Provo City Council debuted a new app that allows residents to participate in the city’s rich history using new technology.
“What can we do to enhance our ability to honor and remember our history and let more people know what we have?” community development administrations director Gary McGinn asked during a Provo City Council work session on Sept. 1.
The “Provo Historic Tour” app has been presented as the solution.
The Android app was created by a UVU team in collaboration with the Provo Landmarks Commission, a body appointed by the mayor that is primarily responsible for identifying, registering and preserving Provo’s historical landmarks.
With increasing attention placed on the use of mobile phone technology, the commission brainstormed better methods of connecting Provo residents and visitors to their city’s unique heritage.
“There is a lot of richness surrounding us that isn’t necessarily (known) without this kind of aid,” community development planner Josh Yost said in the meeting.
Yost said as people become aware of history and the personal narratives intertwined into these sites, people will feel the existence of this history and hopefully gain a desire to learn more and advocate the cause of preserving more landmarks. The app is also a great tool for heritage tourism.
A drive through Provo Center Street is no longer just a trip down to Station 22 or Unhinged. The app transforms a Center Street walk into a historic journey through time, dating as far back as the late 19th Century.
The application shows the user their current location in Provo while simultaneously indicating 20 landmark sites. Each landmark virtually presents interactive photos, site descriptions and an audio narrative on the user’s phone.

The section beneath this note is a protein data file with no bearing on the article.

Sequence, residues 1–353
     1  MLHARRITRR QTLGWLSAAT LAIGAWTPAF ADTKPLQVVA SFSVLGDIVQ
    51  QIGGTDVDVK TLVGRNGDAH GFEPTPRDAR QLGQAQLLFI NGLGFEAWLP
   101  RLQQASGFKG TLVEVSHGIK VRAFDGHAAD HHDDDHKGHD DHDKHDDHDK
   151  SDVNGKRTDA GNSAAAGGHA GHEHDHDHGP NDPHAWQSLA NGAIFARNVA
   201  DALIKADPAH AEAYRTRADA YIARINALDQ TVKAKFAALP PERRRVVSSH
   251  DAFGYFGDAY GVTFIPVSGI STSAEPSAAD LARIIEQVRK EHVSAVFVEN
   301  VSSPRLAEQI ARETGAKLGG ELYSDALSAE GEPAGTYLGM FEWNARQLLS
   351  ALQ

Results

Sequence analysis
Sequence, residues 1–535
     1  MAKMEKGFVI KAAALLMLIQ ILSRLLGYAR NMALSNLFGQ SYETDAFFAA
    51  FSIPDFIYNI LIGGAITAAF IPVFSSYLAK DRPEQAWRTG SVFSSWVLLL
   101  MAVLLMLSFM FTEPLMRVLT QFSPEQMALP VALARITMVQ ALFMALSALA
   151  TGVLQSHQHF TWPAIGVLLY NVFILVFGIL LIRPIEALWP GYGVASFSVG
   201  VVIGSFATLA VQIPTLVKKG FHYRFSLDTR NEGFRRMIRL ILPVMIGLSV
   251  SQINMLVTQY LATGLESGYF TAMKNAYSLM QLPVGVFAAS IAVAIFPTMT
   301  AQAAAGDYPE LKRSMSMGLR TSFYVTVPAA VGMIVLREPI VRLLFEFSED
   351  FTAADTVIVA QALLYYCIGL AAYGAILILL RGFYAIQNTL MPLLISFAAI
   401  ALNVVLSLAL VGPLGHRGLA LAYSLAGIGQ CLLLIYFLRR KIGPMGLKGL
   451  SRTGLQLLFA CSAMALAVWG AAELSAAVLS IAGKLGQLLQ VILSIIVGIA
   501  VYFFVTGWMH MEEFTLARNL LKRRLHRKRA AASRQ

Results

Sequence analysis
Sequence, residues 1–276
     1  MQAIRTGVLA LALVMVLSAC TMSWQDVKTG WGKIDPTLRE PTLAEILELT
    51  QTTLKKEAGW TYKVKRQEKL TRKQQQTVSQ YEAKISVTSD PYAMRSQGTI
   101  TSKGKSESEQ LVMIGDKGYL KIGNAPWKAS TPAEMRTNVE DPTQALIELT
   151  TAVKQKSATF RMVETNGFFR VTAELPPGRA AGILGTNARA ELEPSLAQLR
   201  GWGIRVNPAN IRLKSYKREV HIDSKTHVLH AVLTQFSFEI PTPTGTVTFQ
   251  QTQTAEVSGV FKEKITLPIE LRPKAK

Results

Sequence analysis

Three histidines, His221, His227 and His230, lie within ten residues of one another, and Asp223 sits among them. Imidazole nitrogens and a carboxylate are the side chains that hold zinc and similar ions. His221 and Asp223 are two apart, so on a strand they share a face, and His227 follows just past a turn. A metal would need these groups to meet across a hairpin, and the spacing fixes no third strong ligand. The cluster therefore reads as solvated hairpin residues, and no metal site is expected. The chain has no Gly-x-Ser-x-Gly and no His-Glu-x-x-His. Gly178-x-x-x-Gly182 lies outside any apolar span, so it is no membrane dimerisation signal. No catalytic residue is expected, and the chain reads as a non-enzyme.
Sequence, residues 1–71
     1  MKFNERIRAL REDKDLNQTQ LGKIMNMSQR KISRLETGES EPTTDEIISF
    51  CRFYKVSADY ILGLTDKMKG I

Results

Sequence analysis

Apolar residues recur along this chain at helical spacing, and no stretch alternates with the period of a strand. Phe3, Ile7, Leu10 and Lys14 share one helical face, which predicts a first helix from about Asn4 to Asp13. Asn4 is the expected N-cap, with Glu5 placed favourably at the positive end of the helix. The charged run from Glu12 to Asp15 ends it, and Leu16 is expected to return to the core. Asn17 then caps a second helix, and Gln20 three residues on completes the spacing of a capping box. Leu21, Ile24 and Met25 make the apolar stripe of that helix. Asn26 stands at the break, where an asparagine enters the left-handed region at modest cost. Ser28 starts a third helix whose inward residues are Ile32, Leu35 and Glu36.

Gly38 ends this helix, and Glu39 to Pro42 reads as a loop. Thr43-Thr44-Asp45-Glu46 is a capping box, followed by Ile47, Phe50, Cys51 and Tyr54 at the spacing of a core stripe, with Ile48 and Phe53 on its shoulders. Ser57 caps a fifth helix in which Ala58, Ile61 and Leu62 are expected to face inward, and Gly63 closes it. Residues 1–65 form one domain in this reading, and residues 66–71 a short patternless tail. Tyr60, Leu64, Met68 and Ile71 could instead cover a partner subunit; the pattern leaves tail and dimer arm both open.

All sites also show users a then-and-now visual, which allows them to swipe between an old photograph and a current image. The slide indicator, located underneath each visual, produces a cross-fade effect that allows the user to see the transformation of the landmark site.
Current users of the app have found it user-friendly and say it is an exciting way to learn more about Provo’s rich history.
Matthew Taylor, staff executive director on the Provo City Council and former member on the Landmarks Commission, uses the app and emphasized the value of its visual technology, calling it the most striking element in the application.
While the application is limited to Android users, there has been talk of modifying itfor Apple.
Yost told the council an estimated $5,000 is needed to create a functional application that is accessible to iPhones.
As far as spreading the news about the new app, advertising efforts for “Provo Historic Tour” has been slowed until the Landmarks Commission is confident the app is completely intuitive.
“It hasn’t been advertised yet because it doesn’t have all of the features that were in the original project proposal,” chair of the Landmarks Commission Susan Fales said during the meeting.
Prospective advertising actions include signage at the Provo City Center Temple open house, advertising efforts on the Downtown Provo Inc. website and the distribution of information pamphlets about the app at the Provo visitors bureau and the Provo Marriott hotel.
Future historic developments mentioned at the meeting include interactive pedestrian kiosks. These would provide a QR code at designated locations, allowing users to browse and download the app.
The “Provo Historic Tour” is currently available on Google Play, complete with sample pictures and a product description.